Matt Nagy doesn’t know a halftime adjustment when he sees one

Matt Nagy didn’t exactly coach himself to glory against the Packers on Sunday.

Matt Nagy didn’t exactly coach himself to glory against the Packers on Sunday.
Image: Getty Images

Nagy gonna Nagy!

The Chicago Bears were embarrassed by the Green Bay Packers on Sunday. They came out of the gates looking ready to do some damage and even held a lead at halftime. They were looking so good, head coach Matt Nagy even went as far as to say that he was “having so much fun.”


The Bears fell apart in the second half. Rodgers and the Packers absolutely carved up the Bears’ defense to the tune of three touchdowns, while the Packers’ defense limited Chicago to just three points in the third and fourth quarters. Green Bay won the game 45-30. One especially difficult aspect of the game to watch for Bears fans was Davante Adams, who went off for seven catches, 65 yards, and a touchdown in the second half of Sunday’s game.

Adams was already playing well in the first half. He had a touchdown and almost 50 yards through the air prior to the break. However, he was on a different level for the last 30 minutes. It was scary seeing how easily he was able to leave Bears’ defenders in the dust. Thus, after the game, reporters started asking questions, particularly, “What did the Packers do differently in the second half in regards to Davante Adams?” That’s a pretty standard question given what the entire NFL world just witnessed. How was Davante Adams used differently in the second half than the first? According to Nagy, he wasn’t.

“They did the same thing they did in the first half,” said Nagy. A simple enough answer, but not anywhere close to the truth. Per NextGen stats, the Packers started bumping Adams to the slot on nearly half the routes he ran after he lined up on the outside for all six of his routes in the first quarter.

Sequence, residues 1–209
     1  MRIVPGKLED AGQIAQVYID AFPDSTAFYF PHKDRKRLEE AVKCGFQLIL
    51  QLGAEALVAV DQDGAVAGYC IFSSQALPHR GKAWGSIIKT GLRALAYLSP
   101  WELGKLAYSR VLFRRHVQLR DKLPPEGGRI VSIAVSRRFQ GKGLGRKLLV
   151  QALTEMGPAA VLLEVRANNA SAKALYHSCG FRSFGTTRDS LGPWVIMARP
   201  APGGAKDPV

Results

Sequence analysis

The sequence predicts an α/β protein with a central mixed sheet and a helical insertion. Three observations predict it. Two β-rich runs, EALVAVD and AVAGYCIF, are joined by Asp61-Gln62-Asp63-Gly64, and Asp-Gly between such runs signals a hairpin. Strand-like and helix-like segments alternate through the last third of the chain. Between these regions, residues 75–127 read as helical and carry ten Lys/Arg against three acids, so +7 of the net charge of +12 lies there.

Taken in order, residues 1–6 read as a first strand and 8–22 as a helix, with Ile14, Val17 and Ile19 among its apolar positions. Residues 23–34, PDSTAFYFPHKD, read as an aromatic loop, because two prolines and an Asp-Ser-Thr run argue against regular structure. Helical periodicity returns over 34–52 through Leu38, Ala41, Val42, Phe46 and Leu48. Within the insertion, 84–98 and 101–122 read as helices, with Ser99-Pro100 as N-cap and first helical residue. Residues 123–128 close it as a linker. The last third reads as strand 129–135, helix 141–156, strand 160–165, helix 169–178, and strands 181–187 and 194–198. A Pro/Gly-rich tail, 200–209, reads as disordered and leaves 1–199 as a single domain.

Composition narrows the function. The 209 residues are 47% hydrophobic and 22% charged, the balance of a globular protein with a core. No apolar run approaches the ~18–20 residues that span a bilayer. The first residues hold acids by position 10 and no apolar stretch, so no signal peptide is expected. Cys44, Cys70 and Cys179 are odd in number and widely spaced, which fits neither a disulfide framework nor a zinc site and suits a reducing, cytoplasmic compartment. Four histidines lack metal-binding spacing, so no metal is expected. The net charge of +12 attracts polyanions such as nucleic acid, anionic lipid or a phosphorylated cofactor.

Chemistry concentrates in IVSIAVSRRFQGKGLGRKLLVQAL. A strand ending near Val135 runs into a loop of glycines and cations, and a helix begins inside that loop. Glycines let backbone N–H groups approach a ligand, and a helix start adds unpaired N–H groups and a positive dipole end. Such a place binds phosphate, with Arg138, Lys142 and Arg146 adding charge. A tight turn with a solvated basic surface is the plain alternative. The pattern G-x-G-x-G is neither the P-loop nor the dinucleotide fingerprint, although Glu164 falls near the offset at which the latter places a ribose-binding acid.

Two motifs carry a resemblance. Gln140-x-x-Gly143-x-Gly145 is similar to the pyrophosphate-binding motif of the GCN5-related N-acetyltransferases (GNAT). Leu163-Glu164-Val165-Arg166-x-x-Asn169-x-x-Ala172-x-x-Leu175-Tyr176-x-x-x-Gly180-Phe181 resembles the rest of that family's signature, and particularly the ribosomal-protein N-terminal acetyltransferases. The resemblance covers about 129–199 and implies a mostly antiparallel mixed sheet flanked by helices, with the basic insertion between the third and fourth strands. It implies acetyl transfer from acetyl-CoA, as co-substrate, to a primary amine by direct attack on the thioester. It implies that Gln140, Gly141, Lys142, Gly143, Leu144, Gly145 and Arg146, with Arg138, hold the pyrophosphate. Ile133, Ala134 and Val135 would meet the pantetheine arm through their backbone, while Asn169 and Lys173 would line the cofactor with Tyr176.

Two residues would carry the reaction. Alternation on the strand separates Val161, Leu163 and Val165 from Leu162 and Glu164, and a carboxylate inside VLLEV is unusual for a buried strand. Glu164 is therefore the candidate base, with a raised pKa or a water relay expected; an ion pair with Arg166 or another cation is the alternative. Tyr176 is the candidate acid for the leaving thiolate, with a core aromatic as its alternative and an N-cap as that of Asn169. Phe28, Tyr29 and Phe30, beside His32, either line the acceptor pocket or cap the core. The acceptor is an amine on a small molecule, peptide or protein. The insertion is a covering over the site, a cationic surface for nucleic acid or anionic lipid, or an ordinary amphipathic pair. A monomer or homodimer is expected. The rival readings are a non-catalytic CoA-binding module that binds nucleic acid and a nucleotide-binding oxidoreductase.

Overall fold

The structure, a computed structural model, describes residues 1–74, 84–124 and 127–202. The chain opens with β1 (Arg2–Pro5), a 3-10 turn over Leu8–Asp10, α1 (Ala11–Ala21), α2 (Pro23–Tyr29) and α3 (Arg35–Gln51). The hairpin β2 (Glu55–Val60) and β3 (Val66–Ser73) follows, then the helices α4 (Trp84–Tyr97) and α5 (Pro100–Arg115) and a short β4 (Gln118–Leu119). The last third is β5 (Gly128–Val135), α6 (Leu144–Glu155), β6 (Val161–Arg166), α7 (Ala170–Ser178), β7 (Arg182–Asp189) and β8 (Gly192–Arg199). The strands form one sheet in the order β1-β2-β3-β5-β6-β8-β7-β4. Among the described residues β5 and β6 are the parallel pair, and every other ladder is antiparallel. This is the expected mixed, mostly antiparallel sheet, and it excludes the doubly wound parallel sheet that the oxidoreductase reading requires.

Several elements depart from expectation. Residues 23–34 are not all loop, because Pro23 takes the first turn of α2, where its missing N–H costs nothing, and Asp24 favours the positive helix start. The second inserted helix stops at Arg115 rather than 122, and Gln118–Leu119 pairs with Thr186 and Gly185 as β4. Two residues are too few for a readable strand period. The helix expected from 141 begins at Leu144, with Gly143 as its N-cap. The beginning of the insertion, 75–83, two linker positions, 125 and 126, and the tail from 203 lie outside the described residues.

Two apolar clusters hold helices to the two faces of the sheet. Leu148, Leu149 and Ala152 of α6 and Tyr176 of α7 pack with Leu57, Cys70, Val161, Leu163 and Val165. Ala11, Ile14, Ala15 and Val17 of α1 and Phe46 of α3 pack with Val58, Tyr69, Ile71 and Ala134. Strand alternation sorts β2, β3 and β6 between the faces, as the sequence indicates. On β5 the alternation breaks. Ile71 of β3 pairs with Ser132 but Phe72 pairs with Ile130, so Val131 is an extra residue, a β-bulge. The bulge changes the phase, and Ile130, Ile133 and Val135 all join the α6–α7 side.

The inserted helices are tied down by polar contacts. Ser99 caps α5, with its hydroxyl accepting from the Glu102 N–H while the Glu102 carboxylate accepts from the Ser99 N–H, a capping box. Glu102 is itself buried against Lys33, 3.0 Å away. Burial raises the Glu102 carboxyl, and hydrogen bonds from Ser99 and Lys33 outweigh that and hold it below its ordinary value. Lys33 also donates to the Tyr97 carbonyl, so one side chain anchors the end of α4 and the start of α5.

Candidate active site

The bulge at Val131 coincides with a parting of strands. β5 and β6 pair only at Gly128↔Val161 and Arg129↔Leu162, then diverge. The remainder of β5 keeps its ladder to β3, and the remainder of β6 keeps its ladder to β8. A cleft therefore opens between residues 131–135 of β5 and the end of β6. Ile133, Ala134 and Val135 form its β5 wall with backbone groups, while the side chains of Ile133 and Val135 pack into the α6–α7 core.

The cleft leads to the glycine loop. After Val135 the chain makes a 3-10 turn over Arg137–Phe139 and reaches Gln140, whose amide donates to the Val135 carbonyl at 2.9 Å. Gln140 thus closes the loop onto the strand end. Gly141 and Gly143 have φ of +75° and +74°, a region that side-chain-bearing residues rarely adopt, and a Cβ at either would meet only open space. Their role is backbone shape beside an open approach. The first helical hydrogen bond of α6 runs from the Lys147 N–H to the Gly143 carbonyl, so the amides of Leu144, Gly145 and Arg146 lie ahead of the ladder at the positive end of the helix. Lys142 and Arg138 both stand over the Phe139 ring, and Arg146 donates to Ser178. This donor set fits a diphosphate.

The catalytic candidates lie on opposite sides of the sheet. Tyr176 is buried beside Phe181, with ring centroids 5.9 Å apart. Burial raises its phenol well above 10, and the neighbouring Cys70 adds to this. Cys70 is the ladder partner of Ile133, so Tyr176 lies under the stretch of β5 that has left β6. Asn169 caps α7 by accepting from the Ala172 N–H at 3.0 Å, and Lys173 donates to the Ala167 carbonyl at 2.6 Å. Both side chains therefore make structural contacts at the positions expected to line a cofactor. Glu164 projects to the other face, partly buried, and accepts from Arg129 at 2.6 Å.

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They did this because of the man playing opposite Adams, Jaylon Johnson. Johnson, a cornerback for the Bears, did a damn good job of limiting Adams’ impact when given the opportunity. Johnson covered Adams on all 23 of his routes after lining up on the outside. He held Adams to just two catches for 19 yards on five targets on those snaps. When the Packers started moving Adams to the slot, they were able to create much more favorable matchups, and when Johnson was not the closest corner to Adams, Adams recorded eight catches on eight targets for 102 yards and two touchdowns.


It was clear the Packers were doing something different. Even Johnson knew they were doing something different. When he was asked how the Packers used Adams in the second half, Johnson said:


The fact that Nagy didn’t notice this is troubling to say the least, but not unexpected given what Bears’ fans have been forced to witness every Sunday this season. You know what’s even funnier about Nagy’s statement though? It implies several things:

1) Nagy didn’t realize the Packers adjusted their game plan in the second half, which we’ve already established.


2) Nagy opted not to make any halftime adjustments, because of how well the first half went. Then was shocked when his first half game plan didn’t go over as well in the second half.

3) Even if Nagy DID make halftime adjustments, he would be implying that the adjustments he made at the half allowed the Packers to stomp all over his Bears while running the same offense they ran in the first half.


There is not a single way you can dissect this statement that makes Nagy look good. But we’re far past trying to make Nagy look good at this point. His non-future with the Bears is a foregone conclusion at this point. It’s just a matter of when. That being said, the when should’ve come several weeks ago.

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